245 research outputs found

    Optimization of replacement policy for a one-component system subject to Poisson shocks

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    In reliability engineering, system failures may occur due to intrinsic or extrinsic factors. For example, drinking water systems may fail due to ageing and deterioration (i.e., intrinsic factors) or flooding (i.e., extrinsic factors). An interesting question is: for such systems, how should preventive maintenance be scheduled? This paper investigates this question. The paper develops a maintenance policy for repairable systems subject to extrinsic shocks. It assumes that a system may fail due to either intrinsic factors or extrinsic factors. Reliability indexes and the expected long run cost rate are then derived. A numerical example is given to illustrate the theoretical results

    Generalized integrated importance measure for system performance evaluation: application to a propeller plane system

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    The integrated importance measure (IIM) evaluates the rate of system performance change due to a component changing from one state to another. The IIM simply considers the scenarios where the transition rate of a component from one state to another is constant. This may contradict the assumption of the degradation, based on which system performance is degrading and therefore the transition rate may be increasing over time. The Weibull distribution describes the life of a component, which has been used in many different engineering applications to model complex data sets. This paper extends the IIM to a new importance measure that considers the scenarios where the transition rate of a component degrading from one state to another is a time-dependent function under the Weibull distribution. It considers the conditional probability distribution of a component sojourning at a state is the Weibull distribution, given the next state that component will jump to. The research on the new importance measure can identify the most important component during three different time periods of the system lifetime, which is corresponding to the characteristics of Weibull distributions. For illustration, the paper then derives some probabilistic properties and applies the extended importance measure to a real-world example (i.e., a propeller plane system)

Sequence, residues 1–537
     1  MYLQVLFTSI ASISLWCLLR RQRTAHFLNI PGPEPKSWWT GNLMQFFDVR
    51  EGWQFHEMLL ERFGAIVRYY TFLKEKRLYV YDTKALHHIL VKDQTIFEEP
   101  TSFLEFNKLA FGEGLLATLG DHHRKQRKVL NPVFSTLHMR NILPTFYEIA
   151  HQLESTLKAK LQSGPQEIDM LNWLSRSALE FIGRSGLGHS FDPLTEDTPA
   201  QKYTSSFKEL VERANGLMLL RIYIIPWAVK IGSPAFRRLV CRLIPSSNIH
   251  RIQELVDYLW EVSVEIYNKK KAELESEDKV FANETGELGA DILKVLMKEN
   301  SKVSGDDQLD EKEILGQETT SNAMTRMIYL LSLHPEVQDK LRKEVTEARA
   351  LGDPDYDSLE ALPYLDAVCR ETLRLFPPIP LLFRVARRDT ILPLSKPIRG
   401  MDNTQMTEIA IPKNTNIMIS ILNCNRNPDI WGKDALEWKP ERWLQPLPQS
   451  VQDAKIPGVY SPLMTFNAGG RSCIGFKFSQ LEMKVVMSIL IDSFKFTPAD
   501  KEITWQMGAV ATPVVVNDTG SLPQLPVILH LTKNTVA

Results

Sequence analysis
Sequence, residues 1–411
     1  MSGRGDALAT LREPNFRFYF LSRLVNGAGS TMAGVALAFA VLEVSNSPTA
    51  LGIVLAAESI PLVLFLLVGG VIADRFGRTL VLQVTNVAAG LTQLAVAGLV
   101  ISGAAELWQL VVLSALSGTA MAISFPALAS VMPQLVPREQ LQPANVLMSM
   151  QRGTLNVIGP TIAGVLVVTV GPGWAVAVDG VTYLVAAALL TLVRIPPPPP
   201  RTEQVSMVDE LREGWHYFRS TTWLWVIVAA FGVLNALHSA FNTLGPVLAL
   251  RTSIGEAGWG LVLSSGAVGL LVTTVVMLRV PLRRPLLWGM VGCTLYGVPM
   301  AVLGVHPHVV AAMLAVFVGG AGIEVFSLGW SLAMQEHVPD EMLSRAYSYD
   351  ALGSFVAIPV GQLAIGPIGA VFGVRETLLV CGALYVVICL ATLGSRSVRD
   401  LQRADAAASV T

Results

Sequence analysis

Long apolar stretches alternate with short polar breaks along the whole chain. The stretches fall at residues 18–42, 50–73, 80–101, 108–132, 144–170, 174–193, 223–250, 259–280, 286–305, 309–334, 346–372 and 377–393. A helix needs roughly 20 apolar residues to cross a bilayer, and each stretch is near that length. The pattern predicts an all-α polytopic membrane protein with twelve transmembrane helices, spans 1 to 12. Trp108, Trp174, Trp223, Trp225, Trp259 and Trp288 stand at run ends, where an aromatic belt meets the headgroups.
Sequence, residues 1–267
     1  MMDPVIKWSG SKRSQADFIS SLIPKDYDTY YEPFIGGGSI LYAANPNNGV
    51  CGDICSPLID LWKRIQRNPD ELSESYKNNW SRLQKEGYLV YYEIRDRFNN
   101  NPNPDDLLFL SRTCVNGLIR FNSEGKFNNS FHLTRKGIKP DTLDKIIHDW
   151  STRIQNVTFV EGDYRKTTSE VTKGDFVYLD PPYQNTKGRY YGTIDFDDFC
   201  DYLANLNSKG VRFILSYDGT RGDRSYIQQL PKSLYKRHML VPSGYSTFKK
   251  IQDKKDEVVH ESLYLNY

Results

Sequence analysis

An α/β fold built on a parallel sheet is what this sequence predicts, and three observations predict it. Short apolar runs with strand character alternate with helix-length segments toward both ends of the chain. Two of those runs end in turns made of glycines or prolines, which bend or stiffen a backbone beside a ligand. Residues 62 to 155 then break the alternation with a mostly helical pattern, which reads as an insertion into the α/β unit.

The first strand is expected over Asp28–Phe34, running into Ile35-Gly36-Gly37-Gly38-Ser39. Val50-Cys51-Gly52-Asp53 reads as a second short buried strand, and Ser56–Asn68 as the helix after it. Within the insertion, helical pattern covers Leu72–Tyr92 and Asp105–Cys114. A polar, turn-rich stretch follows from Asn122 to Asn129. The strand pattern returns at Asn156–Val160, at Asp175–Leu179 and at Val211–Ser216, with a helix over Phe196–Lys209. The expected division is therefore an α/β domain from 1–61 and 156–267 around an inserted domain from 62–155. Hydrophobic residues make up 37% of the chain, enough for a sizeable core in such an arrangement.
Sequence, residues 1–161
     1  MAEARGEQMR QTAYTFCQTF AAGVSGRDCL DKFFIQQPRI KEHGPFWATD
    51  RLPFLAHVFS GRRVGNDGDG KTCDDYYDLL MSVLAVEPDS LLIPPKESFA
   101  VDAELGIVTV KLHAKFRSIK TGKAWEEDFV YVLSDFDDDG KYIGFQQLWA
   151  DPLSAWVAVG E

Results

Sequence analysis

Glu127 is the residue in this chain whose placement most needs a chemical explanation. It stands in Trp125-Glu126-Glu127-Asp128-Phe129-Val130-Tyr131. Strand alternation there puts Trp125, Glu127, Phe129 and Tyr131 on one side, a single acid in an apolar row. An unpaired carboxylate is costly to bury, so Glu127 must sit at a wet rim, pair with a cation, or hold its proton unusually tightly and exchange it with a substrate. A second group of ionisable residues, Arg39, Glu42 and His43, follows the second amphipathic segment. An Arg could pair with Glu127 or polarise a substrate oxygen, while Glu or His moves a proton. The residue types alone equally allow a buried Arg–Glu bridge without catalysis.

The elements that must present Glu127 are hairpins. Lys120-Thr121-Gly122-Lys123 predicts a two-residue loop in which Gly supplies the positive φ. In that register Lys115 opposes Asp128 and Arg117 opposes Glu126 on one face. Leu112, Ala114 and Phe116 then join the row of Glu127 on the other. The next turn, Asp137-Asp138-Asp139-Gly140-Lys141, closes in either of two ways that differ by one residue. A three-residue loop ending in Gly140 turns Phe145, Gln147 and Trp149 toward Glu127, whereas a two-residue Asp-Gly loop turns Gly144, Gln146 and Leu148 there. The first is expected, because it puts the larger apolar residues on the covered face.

Corruption May Worsen in Democratizing Economies: But Don\u27t Let it Erode Our Faith in Democracy

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    This commentary is based on a recent study we conducted on the relationship between regime type, corruption, and economic development. We build a theory that links corruption and regime type to economic growth and test it on 158 countries, using multiple databases including Polity IV, transparency international, the World Bank, and others. We first distinguish three regime types, autocracy (dictatorship), anocracy (countries in early stage of democratization), and mature democracy. We found that when autocratic countries begin democratize, corruption usually gets worse. As the infant democracies mature, corruption decreases
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